7 Missing Historical Treasures That May Never Be Seen Again

The Amber Room in the Catherine Palace
The Amber Room in the Catherine Palace
Branson DeCou, Wikimedia // Public Domain

For all the television shows that set out to solve the world’s great mysteries, and the intrepid adventurers hunting for lost artifacts, some of the most famous treasures of history are still missing. These include one of the most dazzling rooms ever made, a giant yellow diamond, and the work of a renowned Greek poetess. Here are just a few of these enigmas.

1. THE AMBER ROOM

Designed in the 18th century by German sculptor Andreas Schlüter and Danish amber artist Gottfried Wolfram, and gifted to Russia in 1716, the Amber Room of Catherine Palace was the pride of the Saint Petersburg area. Lavishly decorated in jewels, gilding, and, of course, panels of amber, it was sometimes called the "Eighth Wonder of the World."

When the German army neared Saint Petersburg during World War II, the curators at Catherine Palace knew they had to hide this treasure. They tried to take it apart, but the dry amber crumbled in their hands; instead they hid it behind wallpaper. German soldiers found the Amber Room anyway, and broke it down into pieces that were packed in crates and shipped to Königsberg, then part of Germany (now part of Russia). For a time, the Amber Room was installed in the Königsberg castle museum. After that, its fate gets fuzzy. Some researchers believe it was destroyed in the bombardments of the war, while others think that it’s still hidden somewhere. Despite periodic claims of it being found—and verified remnants turning up in 1997—most of it remains missing. In 2003, a reconstruction of the Amber Room was unveiled near Saint Petersburg, so visitors can at least get a glimpse of its lost glory.

2. SAPPHO'S POEMS

Painting by Sir Lawrence Alma Tadema entitled "Sappho And Alcaeus" (1881)
Sir Lawrence Alma Tadema, Sappho and Alcaeus (1881)
Hulton Archive/Getty Images

Ancient sources state that the Greek poet Sappho penned nine volumes of writing, but only a couple of full poems—and a few hundred lines on shreds of papyrus and potsherds—survive. Some contain just a handful of words, yet they hint at the passion in her work: "I desire/And I crave," one remnant reads. Many of these bits survive thanks to her popularity in antiquity, since her writing was frequently quoted in other sources.

There may be more of Sappho's work to discover. A late 19th- to early 20th-century excavation at a trash dump in Oxyrhynchus, Egypt, turned up valuable fragments of her poems. As recently as 2014, two works on papyrus fragments were identified by an Oxford papyrologist. With any luck, there may still be scattered remains of her poems to unearth in the detritus of the classical world.

3. THE FLORENTINE DIAMOND

According to legend, Charles the Bold—the Duke of Burgundy—carried this 132.27-carat yellow diamond into the 1477 Battle of Nancy as a talisman. The treasure did little to protect him, however, and he fell along with his gem. His mutilated corpse is said to have later been recovered from the battlefield, but the diamond was gone, supposedly picked up by a scavenger who sold it for two francs because he thought it was just glass.

However, in the 1920s the art historian Nello Tarchiani did archival research that revealed the diamond likely had no connection to the duke. The gemstone had originated in southern India, where it stayed until the Portuguese seized the area in the 1500s. Soon afterward, it made its way to Europe and into the hands of a series of illustrious owners, including Ferdinand de’ Medici, the Duke of Tuscany, in 1601. It was in the treasury of the Medicis in Florence that it got its name—the Florentine Diamond—and most likely its glistening, 126-facet double rose cut.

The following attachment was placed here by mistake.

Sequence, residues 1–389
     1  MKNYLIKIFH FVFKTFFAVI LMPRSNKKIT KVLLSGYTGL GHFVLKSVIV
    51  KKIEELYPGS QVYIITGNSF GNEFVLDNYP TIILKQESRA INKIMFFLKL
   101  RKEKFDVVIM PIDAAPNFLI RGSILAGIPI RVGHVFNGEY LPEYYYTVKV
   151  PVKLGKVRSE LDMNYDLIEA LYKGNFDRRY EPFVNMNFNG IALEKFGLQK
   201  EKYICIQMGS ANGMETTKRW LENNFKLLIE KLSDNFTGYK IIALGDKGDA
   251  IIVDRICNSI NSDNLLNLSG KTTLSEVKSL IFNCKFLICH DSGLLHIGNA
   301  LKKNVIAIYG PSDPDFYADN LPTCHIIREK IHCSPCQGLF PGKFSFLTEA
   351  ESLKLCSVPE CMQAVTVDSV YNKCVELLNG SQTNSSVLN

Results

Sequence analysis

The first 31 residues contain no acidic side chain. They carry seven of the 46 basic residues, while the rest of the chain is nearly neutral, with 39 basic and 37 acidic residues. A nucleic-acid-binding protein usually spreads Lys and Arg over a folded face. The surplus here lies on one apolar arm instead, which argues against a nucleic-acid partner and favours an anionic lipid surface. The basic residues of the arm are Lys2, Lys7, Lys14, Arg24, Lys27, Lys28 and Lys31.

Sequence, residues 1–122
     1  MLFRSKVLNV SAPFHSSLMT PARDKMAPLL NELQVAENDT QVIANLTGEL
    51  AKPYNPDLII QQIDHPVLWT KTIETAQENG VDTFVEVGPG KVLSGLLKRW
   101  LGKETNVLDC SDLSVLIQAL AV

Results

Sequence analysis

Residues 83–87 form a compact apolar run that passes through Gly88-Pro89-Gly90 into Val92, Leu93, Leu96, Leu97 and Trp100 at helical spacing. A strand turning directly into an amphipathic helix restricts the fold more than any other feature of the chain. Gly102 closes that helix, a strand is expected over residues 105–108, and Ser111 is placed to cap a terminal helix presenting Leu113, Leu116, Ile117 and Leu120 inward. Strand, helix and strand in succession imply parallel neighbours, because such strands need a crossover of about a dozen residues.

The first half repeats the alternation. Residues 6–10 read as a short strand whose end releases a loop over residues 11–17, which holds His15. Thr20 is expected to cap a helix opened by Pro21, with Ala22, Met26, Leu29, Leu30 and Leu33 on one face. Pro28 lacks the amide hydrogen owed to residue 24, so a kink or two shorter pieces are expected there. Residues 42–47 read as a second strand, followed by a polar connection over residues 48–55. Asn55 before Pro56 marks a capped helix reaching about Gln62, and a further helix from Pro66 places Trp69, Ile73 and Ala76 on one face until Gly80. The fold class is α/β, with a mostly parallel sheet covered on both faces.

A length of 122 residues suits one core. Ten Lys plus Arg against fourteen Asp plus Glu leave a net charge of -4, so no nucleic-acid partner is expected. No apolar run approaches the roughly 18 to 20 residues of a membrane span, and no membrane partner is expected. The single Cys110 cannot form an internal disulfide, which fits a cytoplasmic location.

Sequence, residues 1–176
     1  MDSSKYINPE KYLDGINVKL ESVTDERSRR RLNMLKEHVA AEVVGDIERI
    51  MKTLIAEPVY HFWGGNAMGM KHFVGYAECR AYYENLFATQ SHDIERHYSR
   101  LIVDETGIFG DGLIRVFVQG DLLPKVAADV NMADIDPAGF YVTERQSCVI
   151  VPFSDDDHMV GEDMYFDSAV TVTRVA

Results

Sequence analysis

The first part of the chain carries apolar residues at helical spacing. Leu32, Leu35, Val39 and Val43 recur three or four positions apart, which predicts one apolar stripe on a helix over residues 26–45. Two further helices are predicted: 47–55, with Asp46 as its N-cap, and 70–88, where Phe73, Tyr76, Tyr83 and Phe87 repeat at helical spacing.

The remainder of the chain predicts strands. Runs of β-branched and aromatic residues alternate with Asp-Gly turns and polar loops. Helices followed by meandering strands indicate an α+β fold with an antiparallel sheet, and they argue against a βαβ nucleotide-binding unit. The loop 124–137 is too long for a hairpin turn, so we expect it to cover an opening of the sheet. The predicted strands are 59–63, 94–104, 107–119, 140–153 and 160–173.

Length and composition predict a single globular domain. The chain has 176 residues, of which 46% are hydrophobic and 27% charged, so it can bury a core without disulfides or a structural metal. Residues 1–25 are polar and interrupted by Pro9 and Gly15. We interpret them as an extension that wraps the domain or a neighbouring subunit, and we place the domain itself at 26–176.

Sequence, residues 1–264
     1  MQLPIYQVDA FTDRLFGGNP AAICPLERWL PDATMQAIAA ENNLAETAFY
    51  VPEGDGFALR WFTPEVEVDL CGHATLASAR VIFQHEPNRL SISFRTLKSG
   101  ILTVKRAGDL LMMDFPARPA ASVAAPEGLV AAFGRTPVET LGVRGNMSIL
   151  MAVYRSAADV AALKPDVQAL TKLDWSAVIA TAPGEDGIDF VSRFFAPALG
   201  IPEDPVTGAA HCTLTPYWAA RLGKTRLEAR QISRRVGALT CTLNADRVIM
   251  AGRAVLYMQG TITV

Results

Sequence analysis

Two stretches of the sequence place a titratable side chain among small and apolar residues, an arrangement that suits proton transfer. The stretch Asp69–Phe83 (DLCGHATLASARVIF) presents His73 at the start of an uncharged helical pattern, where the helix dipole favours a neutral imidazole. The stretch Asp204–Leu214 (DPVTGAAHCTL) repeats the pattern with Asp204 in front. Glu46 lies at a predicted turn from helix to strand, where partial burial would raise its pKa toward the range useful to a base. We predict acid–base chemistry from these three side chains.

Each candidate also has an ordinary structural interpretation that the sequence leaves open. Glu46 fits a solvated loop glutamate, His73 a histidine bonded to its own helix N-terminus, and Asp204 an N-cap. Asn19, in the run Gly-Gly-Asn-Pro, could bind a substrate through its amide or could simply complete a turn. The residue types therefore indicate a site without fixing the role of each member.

When Anna Maria Luisa de' Medici, the last of the Medici ruling family, died in 1743, the diamond didn't stay with the treasure trove she bequeathed to the Tuscan state. Instead, Francis Stephan of Lorraine (who later became the Grand Duke of Tuscany and Holy Roman Emperor) bought it for his wife, Empress Maria Teresa, herself at the end of the House of Habsburg line. For a time, the Florentine diamond became part of the crown jewels in Vienna. Then the Austro-Hungarian Empire collapsed after World War I, and the diamond, it’s believed, was carried into exile in Switzerland by its last emperor, Charles I.

But where is it now? There are many theories on its disappearance, including that it was sold by the exiled emperor, and perhaps cut into smaller gems for that purpose. Others posit that it was stolen and spirited to South America. With no trace of the diamond in years, its whereabouts remain a mystery.

4. FABERGÉ EGGS

The Third Faberge Imperial Easter Egg displayed in London in 2014
Peter Macdiarmid/Getty Images

The legendary House of Fabergé was once the largest jeweler in Russia, employing 500 designers and craftsmen to transform everything from mantel clocks to cigarette cases into delicate and elaborate works of art. Their most famous achievement is the series of jewel-drenched Easter eggs they produced for Czars Alexander III and Nicholas II, which the Russian rulers gave as gifts to their wives and mothers. Each egg contained a surprise, from the Trans-Siberian Railway Egg (with a wind-up train made from gold and platinum) to the Bay Tree Egg (shaped like a tree, with a mechanical singing bird emerging from its branches). After the Russian Revolution overthrew the Romanov Dynasty—and the imperial family was executed—the new Soviet rulers seized the eggs. Lenin was interested in preserving such cultural heritage, but Stalin saw them as economic resources, and the eggs were sold off. Out of the 50 Imperial Eggs (as the eggs created for the czars are known), seven are missing.

Information on the lost eggs is sparse. There are few photographs—the only image we have of one of the eggs, the Cherub with Chariot Egg, is a reflection in the glass of a display case. Sometimes the surprises inside are detailed in records, and in other cases they remain a mystery. However, in 2012 a Midwest man who had bought what he thought was a fancy doodad for scrap gold happened to do an internet search on the name on the little clock inside: “Vacheron Constantin.” He discovered that his trinket, which he’d bought for $14,000, was one of the lost Imperial Eggs, worth $33 million.

5. CROWN JEWELS OF IRELAND

Lord Dudley, Grand Master of the Order of St. Patrick, wearing the Irish Crown Jewels
Lord Dudley, Grand Master of the Order of St. Patrick, wearing what's often called the Irish Crown Jewels
National Library of Australia, Wikimedia Commons // Public Domain